But the Lions insist they are still playing for now, and they are doing things like benching this year's first-round pick, right tackle Gosder Cherilus, in favor of veteran George Foster. Lions coach Rod Marinelli wants to keep the pressure on, both because he believes it is the right thing to do and because he believes it is the best way to prepare the team for the future.

Nick Scurfield: As both a quarterback and a leader in the Detroit locker room, how does Dan Orlovsky compare with Kitna?

Nicholas Cotsonika: Like Kitna, Orlovsky throws a good deep ball and exudes confidence. Orlovsky says he considers this his team. He says he has been preparing to be a starter and thinking like a starter, and it shows in his demeanor. This is a guy who was thrust into the backup role for his first NFL game as a rookie in 2005 because Jeff Garcia was hurt, and even though he was a fifth-round pick out of UConn, he said he was ready to play.

But unlike Kitna, Orlovsky is very inexperienced and not very mobile. Orlovsky had only five second-half appearances in his NFL career before making his first NFL start Sunday at Minnesota, and he showed his inexperience by making an embarrassing error -- running out of the back of the end zone unwittingly for a safety. Kitna, even at 36, moved well. He could scramble and make good use of rollouts and bootlegs. Orlovsky will be a more stationary target for Mario Williams.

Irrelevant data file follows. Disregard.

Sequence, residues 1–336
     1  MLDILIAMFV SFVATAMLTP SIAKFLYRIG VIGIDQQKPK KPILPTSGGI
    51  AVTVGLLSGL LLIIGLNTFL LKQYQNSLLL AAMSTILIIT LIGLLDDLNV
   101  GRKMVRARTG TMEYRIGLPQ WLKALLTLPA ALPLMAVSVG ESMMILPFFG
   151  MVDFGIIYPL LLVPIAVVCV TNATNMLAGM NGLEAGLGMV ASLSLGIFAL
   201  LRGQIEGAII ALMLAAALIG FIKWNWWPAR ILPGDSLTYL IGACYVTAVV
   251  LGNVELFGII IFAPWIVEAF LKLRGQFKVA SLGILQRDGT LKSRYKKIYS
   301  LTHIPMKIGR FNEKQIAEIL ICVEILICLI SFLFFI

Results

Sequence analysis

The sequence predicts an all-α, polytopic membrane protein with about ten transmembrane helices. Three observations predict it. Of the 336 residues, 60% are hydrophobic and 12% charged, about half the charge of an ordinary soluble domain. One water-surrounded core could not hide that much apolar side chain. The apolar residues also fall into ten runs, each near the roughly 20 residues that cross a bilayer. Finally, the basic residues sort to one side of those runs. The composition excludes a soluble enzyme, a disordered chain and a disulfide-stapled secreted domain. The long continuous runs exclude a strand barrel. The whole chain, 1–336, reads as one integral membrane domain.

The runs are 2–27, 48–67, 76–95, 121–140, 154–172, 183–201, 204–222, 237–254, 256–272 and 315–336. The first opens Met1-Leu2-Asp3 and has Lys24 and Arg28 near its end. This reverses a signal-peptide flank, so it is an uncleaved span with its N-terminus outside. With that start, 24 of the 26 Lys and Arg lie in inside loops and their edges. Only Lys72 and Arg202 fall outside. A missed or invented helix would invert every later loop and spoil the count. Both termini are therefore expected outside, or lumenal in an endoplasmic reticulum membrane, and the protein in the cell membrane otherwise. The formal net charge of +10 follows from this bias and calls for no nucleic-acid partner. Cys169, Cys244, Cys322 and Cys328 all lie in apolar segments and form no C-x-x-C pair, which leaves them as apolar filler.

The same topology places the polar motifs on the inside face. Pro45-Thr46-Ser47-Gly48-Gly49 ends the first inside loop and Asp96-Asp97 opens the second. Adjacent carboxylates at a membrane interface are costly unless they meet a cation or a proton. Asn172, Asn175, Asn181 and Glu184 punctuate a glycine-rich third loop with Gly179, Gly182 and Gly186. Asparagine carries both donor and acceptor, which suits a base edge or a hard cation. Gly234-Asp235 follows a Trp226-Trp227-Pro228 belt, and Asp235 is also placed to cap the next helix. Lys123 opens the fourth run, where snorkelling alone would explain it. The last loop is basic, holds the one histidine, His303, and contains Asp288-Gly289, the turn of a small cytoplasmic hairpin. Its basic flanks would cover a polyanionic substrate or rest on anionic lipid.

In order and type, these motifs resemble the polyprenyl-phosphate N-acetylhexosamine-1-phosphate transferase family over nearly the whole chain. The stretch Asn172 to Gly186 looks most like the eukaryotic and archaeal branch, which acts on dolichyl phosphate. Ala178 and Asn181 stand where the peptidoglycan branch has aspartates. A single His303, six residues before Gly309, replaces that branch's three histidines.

{QUOTE}Nick Scurfield: What has been the Achilles' heel of the Lions' 32nd-ranked defense this season? Is improvement in sight?

Nicholas Cotsonika: Big plays. The Lions have been giving up what they call "explosion plays" at an alarming rate this year. As well as they played Sunday, limiting the Vikings' offense to only 10 points, the Lions lost the game in large part because they allowed an 86-yard touchdown pass. They have to eliminate the explosions.

The Lions play the Tampa 2 defense. Ideally, they would like to sit back with two safeties deep and get to the quarterback with a four-man rush. That hasn't worked. So they were much more aggressive Sunday, attacking the Vikings with blitzes, and it paid off. It was by far their best game of the season.